Health Reform WK-EDGE Kentucky failed to verify income, citizenship when determining Medicaid eligibility
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Wednesday, May 24, 2017

Kentucky failed to verify income, citizenship when determining Medicaid eligibility

By Susan L. Smith, JD, MA

Kentucky made federal Medicaid payments totaling $105 million on behalf of 34,593 potentially ineligible beneficiaries because of human and system errors made during its Medicaid eligibility determinations. Specifically, Kentucky did not always electronically or manually verify income and citizenship as required by federal and state Medicaid eligibility rules. In addition, it did not perform or maintain documentation of identity-proofing for 40 beneficiaries in accordance with federal requirements, according to the HHS Office of Inspector General (OIG) (OIG Report, A-04-15-08044, May 15, 2017).

Medicaid expansion. The Patient Protection and Affordable Care Act (ACA) (P.L. 111-148), gave states the option to expand Medicaid coverage to nondisabled low-income adults without dependent children beginning in 2014. The ACA also established a higher federal reimbursement rate, known as the Federal Medical Assistance Percentage (FMAP), for services provided to the newly eligible beneficiaries. In states that chose to expand their Medicaid program, individuals were eligible for the new adult group under Medicaid if they met certain criteria in addition to citizenship and state residency requirements. Section 2001 of the ACA authorized a newly eligible FMAP of 100 percent for the qualified expenditures incurred by newly eligible beneficiaries enrolled though the new adult category.

Application and enrollment. The ACA, requires states that choose to expand their Medicaid program to make changes to their application and enrollment processes, including a streamlined enrollment application process that would facilitate screening applicant eligibility for all health coverage options. Kentucky established a state based health insurance marketplace as provided under the ACA known as Kynect.

A Medicaid applicant begins the enrollment process by providing basic personal information through the state marketplace and attests that the answers to questions are true. The marketplace must verify the applicant’s identity through identity-proofing. As required by federal rules, Kentucky has a verification plan that states that it will rely on the Data Services Hub, an electronic data source, and other state sources to verify the accuracy of eligibility information provided by an applicant. In addition, CMS and states monitor the accuracy of Medicaid eligibility determinations using the Medicaid Eligibility Quality Control (MEQC) and Payment Error Measurement (PERM) programs.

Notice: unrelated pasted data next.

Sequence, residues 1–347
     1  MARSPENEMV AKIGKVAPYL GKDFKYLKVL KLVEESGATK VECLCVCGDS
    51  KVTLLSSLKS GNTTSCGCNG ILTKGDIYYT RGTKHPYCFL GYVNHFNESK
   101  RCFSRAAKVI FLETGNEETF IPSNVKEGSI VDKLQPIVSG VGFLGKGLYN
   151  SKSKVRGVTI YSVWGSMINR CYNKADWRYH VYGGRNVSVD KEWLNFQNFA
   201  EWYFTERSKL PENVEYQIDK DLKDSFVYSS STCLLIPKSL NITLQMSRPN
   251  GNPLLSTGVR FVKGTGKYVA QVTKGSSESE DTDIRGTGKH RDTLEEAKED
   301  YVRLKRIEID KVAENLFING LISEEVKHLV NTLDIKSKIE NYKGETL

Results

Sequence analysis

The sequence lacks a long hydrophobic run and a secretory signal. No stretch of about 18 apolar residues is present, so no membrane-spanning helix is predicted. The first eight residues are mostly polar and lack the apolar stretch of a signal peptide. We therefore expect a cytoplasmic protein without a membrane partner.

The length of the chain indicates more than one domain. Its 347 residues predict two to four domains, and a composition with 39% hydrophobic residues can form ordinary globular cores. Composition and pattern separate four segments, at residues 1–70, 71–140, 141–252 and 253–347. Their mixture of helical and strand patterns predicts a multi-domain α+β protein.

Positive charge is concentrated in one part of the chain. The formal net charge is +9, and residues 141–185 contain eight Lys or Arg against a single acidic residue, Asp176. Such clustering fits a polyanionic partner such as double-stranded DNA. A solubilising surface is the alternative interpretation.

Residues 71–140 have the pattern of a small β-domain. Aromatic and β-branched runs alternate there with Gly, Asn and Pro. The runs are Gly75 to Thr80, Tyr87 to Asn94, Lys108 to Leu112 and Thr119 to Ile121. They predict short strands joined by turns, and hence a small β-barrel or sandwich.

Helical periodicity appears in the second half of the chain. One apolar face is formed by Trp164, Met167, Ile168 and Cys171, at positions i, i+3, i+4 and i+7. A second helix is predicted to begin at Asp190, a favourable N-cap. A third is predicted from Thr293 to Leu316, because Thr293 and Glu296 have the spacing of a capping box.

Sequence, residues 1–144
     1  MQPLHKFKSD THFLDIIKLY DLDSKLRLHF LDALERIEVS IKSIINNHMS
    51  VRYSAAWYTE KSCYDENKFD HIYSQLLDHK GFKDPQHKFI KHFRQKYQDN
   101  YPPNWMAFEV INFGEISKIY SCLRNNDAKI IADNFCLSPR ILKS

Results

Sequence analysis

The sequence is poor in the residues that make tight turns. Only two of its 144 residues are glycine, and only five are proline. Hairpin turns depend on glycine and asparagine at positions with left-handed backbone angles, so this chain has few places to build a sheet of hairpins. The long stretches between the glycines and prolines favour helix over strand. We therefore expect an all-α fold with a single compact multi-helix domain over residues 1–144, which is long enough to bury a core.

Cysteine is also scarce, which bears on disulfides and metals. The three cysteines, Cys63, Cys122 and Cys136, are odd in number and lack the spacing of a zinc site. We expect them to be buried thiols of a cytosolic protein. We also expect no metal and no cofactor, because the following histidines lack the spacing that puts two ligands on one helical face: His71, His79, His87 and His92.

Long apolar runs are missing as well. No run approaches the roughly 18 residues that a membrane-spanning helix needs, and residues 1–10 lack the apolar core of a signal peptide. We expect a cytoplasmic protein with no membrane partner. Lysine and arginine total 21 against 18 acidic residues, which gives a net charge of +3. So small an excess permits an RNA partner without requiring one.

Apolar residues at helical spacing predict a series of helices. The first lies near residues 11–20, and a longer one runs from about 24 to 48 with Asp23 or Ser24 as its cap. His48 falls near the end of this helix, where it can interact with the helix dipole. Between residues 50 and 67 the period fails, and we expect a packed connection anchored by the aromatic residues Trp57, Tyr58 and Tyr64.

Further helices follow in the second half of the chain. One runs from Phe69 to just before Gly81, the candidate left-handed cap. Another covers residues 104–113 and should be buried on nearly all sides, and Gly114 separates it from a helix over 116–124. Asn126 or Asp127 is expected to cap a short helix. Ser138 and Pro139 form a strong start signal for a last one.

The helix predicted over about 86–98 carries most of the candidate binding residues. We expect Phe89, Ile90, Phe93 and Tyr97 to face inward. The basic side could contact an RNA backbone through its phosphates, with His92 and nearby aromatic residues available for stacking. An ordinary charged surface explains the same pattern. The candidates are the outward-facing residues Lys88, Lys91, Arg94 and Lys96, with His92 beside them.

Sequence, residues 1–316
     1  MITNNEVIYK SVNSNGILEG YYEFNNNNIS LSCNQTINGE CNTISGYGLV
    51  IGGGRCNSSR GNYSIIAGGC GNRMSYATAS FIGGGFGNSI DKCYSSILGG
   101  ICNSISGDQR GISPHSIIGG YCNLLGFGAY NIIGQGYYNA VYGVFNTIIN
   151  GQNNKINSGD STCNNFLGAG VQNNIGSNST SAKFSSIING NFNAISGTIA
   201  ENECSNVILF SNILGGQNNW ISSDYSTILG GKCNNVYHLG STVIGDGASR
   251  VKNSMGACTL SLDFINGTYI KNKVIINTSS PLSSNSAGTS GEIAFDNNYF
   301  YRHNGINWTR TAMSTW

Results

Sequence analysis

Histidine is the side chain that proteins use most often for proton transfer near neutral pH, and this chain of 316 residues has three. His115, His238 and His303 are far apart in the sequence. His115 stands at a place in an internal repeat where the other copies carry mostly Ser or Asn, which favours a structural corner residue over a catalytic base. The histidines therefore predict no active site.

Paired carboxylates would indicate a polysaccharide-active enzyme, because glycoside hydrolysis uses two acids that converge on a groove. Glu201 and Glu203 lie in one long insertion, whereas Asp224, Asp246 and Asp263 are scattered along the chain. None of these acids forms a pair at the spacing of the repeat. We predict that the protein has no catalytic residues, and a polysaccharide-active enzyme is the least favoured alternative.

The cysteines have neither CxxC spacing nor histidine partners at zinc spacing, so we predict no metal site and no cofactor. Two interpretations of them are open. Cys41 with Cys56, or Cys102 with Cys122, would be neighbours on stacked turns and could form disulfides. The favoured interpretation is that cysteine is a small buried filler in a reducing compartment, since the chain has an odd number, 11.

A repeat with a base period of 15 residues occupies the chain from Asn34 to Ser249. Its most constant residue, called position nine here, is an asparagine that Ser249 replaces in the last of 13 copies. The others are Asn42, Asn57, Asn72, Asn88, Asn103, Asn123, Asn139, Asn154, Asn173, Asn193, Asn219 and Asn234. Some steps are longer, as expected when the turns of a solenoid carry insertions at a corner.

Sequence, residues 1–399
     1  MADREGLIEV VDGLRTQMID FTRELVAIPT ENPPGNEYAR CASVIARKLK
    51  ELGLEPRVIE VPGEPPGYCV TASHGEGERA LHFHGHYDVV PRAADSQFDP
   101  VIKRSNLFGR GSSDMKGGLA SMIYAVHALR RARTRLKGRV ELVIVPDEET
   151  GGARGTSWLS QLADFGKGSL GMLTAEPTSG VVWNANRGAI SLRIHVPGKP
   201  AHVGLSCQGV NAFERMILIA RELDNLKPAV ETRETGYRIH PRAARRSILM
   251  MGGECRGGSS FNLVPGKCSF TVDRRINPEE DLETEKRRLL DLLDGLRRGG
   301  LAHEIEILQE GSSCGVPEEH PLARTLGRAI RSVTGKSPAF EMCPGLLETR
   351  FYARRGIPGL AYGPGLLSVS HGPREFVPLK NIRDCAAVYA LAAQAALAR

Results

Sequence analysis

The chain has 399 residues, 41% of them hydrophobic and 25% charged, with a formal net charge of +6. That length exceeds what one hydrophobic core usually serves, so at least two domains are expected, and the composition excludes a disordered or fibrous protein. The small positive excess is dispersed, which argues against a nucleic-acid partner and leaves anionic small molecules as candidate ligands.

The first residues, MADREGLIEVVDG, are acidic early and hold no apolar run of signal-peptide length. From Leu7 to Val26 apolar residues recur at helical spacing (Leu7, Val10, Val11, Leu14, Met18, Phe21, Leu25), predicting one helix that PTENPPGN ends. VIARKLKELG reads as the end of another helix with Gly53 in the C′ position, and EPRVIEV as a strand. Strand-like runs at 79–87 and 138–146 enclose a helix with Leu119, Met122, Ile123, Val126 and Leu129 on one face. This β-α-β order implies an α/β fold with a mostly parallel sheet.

OIG’s review. The OIG reviewed supporting the documentation for a stratified random sample of 120 newly eligible beneficiaries who received Medicaid services from October 2014 through March 2016 to evaluate whether Kentucky’s determinations of applicant’s eligibility met the federal and state requirements for Medicaid eligibility. Of the 120 beneficiaries reviewed, the state agency correctly determined eligibility for 111. Kentucky failed to determine income or citizenship for the remaining nine. OIG found that Kentucky enrolled five beneficiaries that may not have met income requirements because it did not request additional documentation to verify income after it attempted but failed to verify attested income with electronic sources due to a system error. For four of the 120 beneficiaries, the state could not provide documentation that it had received a citizenship verification response and indicated that it could not find supporting documentation due to human and system errors. Finally, the state did not always perform or did not maintain documentation it had performed identity-proofing during the application processor for 40 sampled beneficiaries as required by federal rules.

Recommendations. OIG recommended that the state agency redetermine, if necessary, the current Medicaid eligibility status of the sample beneficiaries for whom income or citizenship verifications did not meet federal and state requirements. OIG also recommended the state agency ensure that (1) the enrollment system used to determine eligibility verifies income and citizenship data using available electronic data sources and (2) the enrollment system used verifies applicants’ identity and maintains identity-proofing documentation.

ReportsLetters: OIGReports AccessNews EnrollmentNews HealthInsuranceExchangeNews MedicaidExpansionNews

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